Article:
From left, House Speaker Designate Laurie Jinkins, D-Tacoma, Senate Majority Leader Andy Billig, D-Spokane, House Minority Leader J.T. Wilcox, R-Yelm, and Senate Minority Leader Mark Schoesler, R-Ritzville, take part in the AP Legislative Preview, Thursday, Jan. 9, 2020, at the Capitol in Olympia, Wash. (AP Photo/Ted S. Warren)

From left, House Speaker Designate Laurie Jinkins, D-Tacoma, Senate Majority Leader Andy Billig, D-Spokane, House Minority Leader J.T. Wilcox, R-Yelm, and Senate Minority Leader Mark Schoesler, R-Ritzville, take part in the AP Legislative Preview, Thursday, Jan. 9, 2020, at the Capitol in Olympia, Wash. (AP Photo/Ted S. Warren)

Lawmakers: Inslee’s homelessness plan unlikely to pass

  • Friday, January 10, 2020 1:30am
  • News

By Chris Grygiel

The Associated Press

OLYMPIA — Top lawmakers said Thursday that Gov. Jay Inslee’s plan to use hundreds of millions of dollars from the state’s emergency budget reserve to combat Washington’s homelessness crisis was unlikely to pass the Legislature.

Last month Inslee said he wants to spend more than $300 million from the state’s rainy day fund to add 2,100 shelter beds and provide other help to people without shelter.

“I applaud the governor for making this a priority; I’m not 100 percent sure the votes will be there to use the rainy day fund,” Sen. Majority Leader Andy Billig, D-Spokane, said at The Associated Press Legislative Preview.

Sen. Mark Schoesler, R-Ritzville and the leader of the minority caucus in that chamber, said it was wrong to take reserve money to pay for things that will require ongoing funding.

“You take one-time money from the rainy day fund and you create ongoing costs. That is not sustainable, period,” Schoesler said.

The Democratic governor said Washington must do more to find housing for people. The state has the fifth-highest per-capita rate of homelessness of all U.S. states.

In addition to adding shelter beds, Inslee wants to give rental and other housing assistance to more than 3,000 people. His plan would cost $146 million during the 2019-2021 two-year budget cycle and ultimately cost $300 million over three years. The state currently has about $2.5 billion in its emergency fund.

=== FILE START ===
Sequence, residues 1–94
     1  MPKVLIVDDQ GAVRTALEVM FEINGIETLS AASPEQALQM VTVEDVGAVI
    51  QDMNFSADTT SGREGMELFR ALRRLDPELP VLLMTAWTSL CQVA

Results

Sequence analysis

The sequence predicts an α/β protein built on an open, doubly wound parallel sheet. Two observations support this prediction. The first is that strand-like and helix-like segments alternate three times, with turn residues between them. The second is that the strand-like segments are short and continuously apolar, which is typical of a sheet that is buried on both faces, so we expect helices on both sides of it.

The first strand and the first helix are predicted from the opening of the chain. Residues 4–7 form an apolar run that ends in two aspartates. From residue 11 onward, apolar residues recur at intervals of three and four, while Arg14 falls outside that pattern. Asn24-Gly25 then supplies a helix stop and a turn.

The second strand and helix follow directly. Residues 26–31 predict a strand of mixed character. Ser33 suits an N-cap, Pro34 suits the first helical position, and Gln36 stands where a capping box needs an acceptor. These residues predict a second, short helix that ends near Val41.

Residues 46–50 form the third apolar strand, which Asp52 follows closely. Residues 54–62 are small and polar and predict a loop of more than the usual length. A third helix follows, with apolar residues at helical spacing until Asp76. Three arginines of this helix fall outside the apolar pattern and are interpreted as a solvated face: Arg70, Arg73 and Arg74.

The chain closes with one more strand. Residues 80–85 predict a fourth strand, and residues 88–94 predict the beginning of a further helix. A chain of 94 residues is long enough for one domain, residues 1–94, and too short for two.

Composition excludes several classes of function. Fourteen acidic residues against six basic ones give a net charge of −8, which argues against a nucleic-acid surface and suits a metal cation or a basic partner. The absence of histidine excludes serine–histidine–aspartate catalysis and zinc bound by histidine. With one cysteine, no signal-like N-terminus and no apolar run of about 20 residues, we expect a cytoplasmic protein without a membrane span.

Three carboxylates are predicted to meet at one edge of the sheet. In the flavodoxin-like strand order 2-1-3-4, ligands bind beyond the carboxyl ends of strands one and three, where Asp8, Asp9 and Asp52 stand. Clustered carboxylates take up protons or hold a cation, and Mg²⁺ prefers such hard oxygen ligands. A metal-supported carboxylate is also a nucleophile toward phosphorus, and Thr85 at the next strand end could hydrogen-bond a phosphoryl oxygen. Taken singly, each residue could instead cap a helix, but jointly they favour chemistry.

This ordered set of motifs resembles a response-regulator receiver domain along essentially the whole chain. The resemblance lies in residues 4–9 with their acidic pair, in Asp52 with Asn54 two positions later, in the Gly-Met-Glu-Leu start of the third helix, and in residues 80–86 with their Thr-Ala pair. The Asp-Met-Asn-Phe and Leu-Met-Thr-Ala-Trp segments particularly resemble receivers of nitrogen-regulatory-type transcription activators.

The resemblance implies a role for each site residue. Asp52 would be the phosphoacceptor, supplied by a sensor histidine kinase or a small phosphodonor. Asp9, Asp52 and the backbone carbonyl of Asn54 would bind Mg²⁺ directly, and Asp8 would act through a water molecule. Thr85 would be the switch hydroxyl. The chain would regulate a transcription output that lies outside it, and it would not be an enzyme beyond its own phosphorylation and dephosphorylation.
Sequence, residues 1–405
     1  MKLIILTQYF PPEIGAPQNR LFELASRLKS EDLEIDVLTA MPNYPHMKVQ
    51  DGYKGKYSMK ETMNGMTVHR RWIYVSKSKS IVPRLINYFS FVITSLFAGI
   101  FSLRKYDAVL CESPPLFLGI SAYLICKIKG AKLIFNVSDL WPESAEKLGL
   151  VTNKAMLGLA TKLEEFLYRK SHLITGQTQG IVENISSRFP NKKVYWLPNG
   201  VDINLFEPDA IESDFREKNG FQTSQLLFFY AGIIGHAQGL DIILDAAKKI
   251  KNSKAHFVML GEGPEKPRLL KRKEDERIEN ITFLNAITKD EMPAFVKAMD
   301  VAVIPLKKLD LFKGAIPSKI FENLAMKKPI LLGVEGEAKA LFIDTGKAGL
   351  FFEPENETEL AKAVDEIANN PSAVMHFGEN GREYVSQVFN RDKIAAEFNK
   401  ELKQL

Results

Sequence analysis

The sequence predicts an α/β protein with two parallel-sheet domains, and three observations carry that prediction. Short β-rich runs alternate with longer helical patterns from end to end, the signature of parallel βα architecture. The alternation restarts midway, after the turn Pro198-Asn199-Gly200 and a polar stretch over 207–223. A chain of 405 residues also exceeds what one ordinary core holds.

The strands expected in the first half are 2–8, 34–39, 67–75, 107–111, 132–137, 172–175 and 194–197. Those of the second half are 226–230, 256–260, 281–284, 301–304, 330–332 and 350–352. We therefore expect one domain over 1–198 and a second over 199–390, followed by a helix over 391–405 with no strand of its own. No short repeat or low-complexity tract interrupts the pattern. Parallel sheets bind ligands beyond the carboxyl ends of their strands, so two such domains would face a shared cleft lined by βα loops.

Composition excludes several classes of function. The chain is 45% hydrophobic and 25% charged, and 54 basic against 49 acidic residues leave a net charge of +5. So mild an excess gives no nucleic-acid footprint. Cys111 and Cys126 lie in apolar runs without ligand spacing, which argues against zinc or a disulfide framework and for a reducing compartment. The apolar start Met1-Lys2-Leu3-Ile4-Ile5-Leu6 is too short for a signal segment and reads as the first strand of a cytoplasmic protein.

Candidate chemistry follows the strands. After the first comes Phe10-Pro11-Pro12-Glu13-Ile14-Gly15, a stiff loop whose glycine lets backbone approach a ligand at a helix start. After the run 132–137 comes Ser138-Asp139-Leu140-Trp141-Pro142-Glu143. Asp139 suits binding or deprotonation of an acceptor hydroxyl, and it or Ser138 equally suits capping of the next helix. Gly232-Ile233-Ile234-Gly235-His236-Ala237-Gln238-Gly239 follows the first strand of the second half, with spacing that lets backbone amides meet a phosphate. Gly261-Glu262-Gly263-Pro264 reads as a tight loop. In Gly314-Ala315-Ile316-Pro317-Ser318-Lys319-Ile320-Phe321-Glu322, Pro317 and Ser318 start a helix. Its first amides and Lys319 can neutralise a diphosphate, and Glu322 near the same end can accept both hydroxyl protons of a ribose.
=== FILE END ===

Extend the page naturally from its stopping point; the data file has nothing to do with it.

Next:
The Legislature, which is controlled by Democrats, convenes Monday and will consider Inslee’s proposal as it adjusts the state’s current $52.4 billion two-year budget.

Legislative leaders said they would make addressing homelessness a top priority, but said they wanted to take a holistic approach. Rep. J.T. Wilcox, a Republican from Yelm and the leader of his party in the House, said lawmakers should make it easier and faster for the private sector to build housing.

House Speaker-designate Laurie Jinkins, D-Tacoma, said providing homes is only one part of the problem. She said there isn’t enough transitional housing or adequate help for people addicted to drugs or who are mentally ill.

Inslee said he wants to reduce the number of homeless people by 50 percent over the next two years. The United States Interagency Council on Homelessness said as of January 2018 there were more than 22,000 people without shelter in the state.

King County Executive Dow Constantine and Seattle Mayor Jenny Durkan recently signed an agreement that would designate the agency to coordinate the county and city response to homelessness. It would begin next year with $130 million in funding from the county and the city.

The homelessness problem is particularly acute in the Seattle area, with an imperfect one-night count earlier this year estimating more than 11,000 homeless in King County and encampments in parks and freeway underpasses.

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